A Father’s Unconditional Love

Our fellow working fathers in GJC were interviewed to find out their perspective of a father’s unconditional love.

1. Do you feel the workplace is supportive of working fathers? If yes, what makes it supportive, and how does it affect how you work?

Gabriel Chua: Our workplace culture is very supportive of its working parents. When I became a father in 2020, there were many firsts for me when caring for a newborn, and it’s honestly more stressful than work itself. But I was greatly encouraged by the advice and encouragement I received from my boss, who’s also a fellow working parent.

In the last two years, my son had to be hospitalised three times for health reasons, and each time he had to be admitted to the hospital for a week. However, my boss allowed me to work remotely to be close to my son while he was recovering. Juggling between work and having a newborn was a real challenge, and I wouldn’t have been able to do so without the strong support from the people I work for and with.

2. How do you separate between work and family time? What are some of your changes or sacrifices after becoming a father?

Gabriel Chua: I admit I’m quite the workaholic, having invested countless hours throughout my career. And when I newly became a father, I remember only reaching home after eight in the evening when my son was already asleep.

I knew I had to make significant changes in my work schedule to be a part of my son’s life. Hence, I made it a point to reach home earlier just so I could spend some quality time with him and my wife, and I find that this greatly motivates me to want to do better in all aspects of my life.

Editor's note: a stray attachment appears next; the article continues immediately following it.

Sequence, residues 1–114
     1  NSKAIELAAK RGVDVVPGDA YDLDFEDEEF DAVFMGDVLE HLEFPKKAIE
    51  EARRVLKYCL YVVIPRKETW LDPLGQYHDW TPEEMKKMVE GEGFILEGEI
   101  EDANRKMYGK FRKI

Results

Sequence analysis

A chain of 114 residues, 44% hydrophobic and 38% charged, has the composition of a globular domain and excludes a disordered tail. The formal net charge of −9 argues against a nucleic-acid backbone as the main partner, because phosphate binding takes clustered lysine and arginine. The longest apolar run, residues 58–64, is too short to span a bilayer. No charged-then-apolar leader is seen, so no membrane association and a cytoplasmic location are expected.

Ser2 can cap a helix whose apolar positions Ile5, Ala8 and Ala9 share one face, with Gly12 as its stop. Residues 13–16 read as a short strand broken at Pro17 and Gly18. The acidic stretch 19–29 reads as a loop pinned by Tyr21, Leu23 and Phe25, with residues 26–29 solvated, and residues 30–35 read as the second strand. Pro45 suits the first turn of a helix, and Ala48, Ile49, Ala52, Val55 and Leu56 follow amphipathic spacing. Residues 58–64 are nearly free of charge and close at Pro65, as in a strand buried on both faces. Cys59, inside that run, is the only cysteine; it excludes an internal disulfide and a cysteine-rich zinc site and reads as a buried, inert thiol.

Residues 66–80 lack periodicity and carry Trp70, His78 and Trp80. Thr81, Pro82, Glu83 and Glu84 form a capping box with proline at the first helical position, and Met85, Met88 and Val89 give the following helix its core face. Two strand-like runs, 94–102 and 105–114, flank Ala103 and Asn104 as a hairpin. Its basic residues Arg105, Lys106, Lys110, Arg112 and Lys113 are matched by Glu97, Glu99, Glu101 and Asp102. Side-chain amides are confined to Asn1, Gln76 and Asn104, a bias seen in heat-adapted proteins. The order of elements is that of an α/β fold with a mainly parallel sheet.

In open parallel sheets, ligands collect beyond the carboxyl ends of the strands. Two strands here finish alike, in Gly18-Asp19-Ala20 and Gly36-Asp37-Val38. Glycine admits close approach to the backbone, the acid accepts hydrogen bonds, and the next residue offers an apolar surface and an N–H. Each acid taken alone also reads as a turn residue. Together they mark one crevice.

3. What does your family do to make you feel loved and appreciated? What does the company you’re in do to make you feel valued?

Ray Loh: My love languages are quality time and words of encouragement, and I feel most loved when my family and I spend quality time together. Their words greatly encourage and support me when they show genuine interest in my well-being and accomplishments.

At work, my colleagues don’t withhold constructive feedback and always take the time to acknowledge my efforts. My company has a culture of building and exchanging trust. It openly offers opportunities for growth and development and does an excellent job of involving me in specific decision-making processes.

4. How do you prioritise self-care and well-being while managing work and family commitments?

Ray Loh: There are three things I consider when I take time for myself and set aside time for work and family commitments:

I like to plan and schedule my time, allocating specific slots for work, family, and personal activities. Setting healthy boundaries in these aspects has allowed me to avoid work-related tasks during designated family moments and protect my time for self-care activities.

Lastly, open and honest communication with my work and family is vital. By expressing my needs and concerns, I can work with my colleagues and loved ones to find solutions that accommodate each without compromising other commitments.

5. Have you had any discussions with your employer or colleagues about fatherhood-related challenges or encouragement? How have those conversations gone? 

Jason Goh: Yes, I’ve had plenty of conversations with them. As a single father, I take on the roles of both a father and mother, from managing my children’s studies, their welfare, and even planning their holidays. On top of that, I must make sure my work isn’t delayed.

I have great conversations with my colleagues, especially those with kids. We share and exchange our experiences, provide suggestions for better care, listen better, and support our children. For my single or soon-to-be-married colleagues, I’d share with them the expectations of setting up a family and having children.

6. Was there a time when you encountered stereotypes or biases about being a working father? How have you addressed them?

Jason Goh: Fortunately, I’ve never encountered such situations before. I love sharing about my children with the people around me and even on my social media. My friends and colleagues support and encourage my efforts as a single father, and in return, it reminds me that I’m doing a great job as a parent.

Here is our article to find out a mother’s love version.

This interview was edited and rewritten for clarity by Destiny Goh, Marketing Communications Executive.